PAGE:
Phase 2 requires careful planning and performance monitoring. However, be cautious, as Stage 3 of this phase often lures many organisations into a common pitfall: rushing to the next change without taking the time to cement their achievements.
What you will be doing: Take proactive measures to make the change stick.
Neglecting Phase 3 can be very costly.
Without solid reinforcing strategies, only a mere 17% of change projects actually deliver on their promises.
But with successful sustainment, that number skyrockets to an impressive 70%.
Find out whether everyone has successfully completed his or her own personal transition. By evaluating the results of the ADKAR model post-implementation and capturing valuable lessons learned, you can ensure that the project has delivered on its promises.
Identify gaps or areas that need improvement and develop plans to address them. People can quickly fall back into old habits. Inertia is hard to beat. Make sure you have resources and support systems to sustain the change.
Long-term success and lasting change require someone to continue steering the ship in the right direction, even when CM practitioners have shifted their focus toward new projects. Transfer knowledge and assets to designated individuals and teams. And the most exciting aspect: celebrate achievements!
Positive reinforcement is always effective.
Phase 3 concludes the change process with final performance reviews, sustainment actions and ownership transfer.
Flexible, scalable and intuitive, the 3-phase process is all you need to succeed at any change.
With its robust research-based solutions, intuitive tools, and models, Prosci has earned the trust of change practitioners worldwide. Most importantly, its methodology constantly evolves to help you stay ahead of the curve:
The Prosci Methodology is fueled by real-world experiences and insights from thousands of change leaders worldwide. With over two decades of shared successes, failures, and lessons learned, this methodology delivers consistent results. It will do the same for any of your ongoing and future projects.
Prosci provides easy-to-use, comprehensive solutions to complex and fragmented problems. Well-structured, adaptable and repeatable, the Prosci change management process helps you move quickly from theory to practice.
Change can be measured. Prosci has established clear benchmarks to monitor performance and track progress.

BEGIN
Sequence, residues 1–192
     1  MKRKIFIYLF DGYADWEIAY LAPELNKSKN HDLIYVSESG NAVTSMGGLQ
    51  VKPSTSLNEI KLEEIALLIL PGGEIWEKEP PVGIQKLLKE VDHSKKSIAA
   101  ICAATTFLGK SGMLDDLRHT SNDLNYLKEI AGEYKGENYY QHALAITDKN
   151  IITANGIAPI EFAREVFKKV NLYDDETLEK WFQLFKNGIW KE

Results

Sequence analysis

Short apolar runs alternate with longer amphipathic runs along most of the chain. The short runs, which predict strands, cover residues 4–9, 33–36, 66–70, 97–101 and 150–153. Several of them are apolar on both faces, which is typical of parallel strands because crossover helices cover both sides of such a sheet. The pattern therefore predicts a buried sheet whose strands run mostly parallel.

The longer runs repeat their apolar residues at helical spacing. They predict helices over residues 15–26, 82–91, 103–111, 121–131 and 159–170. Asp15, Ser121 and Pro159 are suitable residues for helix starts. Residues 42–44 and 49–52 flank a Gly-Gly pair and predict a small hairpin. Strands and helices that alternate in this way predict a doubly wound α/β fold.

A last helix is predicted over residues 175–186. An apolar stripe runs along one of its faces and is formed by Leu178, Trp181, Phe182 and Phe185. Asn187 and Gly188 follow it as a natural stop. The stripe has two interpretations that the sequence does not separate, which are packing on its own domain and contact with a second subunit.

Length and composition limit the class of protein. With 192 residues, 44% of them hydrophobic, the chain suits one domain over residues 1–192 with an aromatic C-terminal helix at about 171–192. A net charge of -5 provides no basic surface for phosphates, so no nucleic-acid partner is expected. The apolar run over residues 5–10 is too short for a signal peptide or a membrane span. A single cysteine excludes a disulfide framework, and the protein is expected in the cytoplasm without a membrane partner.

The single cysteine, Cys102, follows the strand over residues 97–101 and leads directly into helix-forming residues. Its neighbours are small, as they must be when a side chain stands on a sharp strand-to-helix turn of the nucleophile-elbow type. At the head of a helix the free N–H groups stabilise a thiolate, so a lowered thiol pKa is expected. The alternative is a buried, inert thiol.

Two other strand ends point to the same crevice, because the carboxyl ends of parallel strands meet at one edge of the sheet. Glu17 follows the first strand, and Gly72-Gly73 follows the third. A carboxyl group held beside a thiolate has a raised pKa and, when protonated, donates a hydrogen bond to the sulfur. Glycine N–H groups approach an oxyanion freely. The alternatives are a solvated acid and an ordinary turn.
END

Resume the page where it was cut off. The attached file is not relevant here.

Stay abreast of the discipline and be change-ready. Active learning is made easy with a rich stream of webinars and tutorials.
The Prosci Methodology puts people first. Change is more than just a process; it is about truly understanding who makes the change and solving human challenges with human support.
With partners in over 50 countries and still expanding, Prosci is the leader in change management solutions. Get a seasoned partner, and tap into the industry’s largest body of change management research in the world.
Keep exploring with our introductory book, webinars and blog posts. We have a lot to say.
Joining us right now or just discovering this series? We are halfway through PROSCI 3-phase process. Our last blog offered plenty of advice on how to design the "best fitted" approach to preparing for the change with PROSCI's refreshed Methodology. Let's now dive into the nuts and bolts of Phase 2: "Managing the change". In this fourth instalment, you'll learn how to drive adoption and utilisation by creating, implementing and adapting plans to help people and the organisation navigate ADKAR transitions. Managing the change is the art of connecting the "how" to the "who". Organisations don't change. People do. Get familiar with the new ADKAR Blueprint for structuring the change. Discover a refreshed set of Change Management plans. Find out how to track your performances to optimise for success and adapt your plans to stay the course. Plan and act. Key question: What will we do to support ...
Morten Kamp Andersen
Nexum's case studies offer practical insights for organisations wishing to make changes that stick. Executive Summary Why should I read? To get a real-life example of what can happen without a structured approach to managing the change. We uncover the difference in outcome between two organisations seeking to deploy the same technological solution to a recurrent and common issue in the personal care service sector. Highlights: In one case, the implementation phase proved much longer than expected. Only half of the staff was or stayed on board. The gulf between the target set and the number of people proficiently using the change kept widening every day. The second case shows adoption and utilisation rates close to 88%. A clear CM plan with actionable strategies delivered expected results on time. For a complete overview of what a successful CM plan looks like, please see Keys to application. Background ...
Nelly Tire and Vincent Piedboeuf
Status quo is a dangerous place to be. In our fast moving world, organisations are pushed in the back to adapt and transform. But dealing with change takes intention and structured actions. Rushing headlong from one activity to another can only make things worse. That is where Change Management comes into play. As a context-specific approach, it requires a sound understanding of the reasons driving change and of its impact on the people. Only then can Change Management plans be properly rolled out. Here are Prosci’s Five Tenets of Change Management to help you get off to a great start. 1 - We change for a reason. There are three states in the change process: for simplicity the « current state », the « transition » and the « future state ». Whatever the words, change is always driven by a reasonable expectation that the future will be better than the present. Triggers ...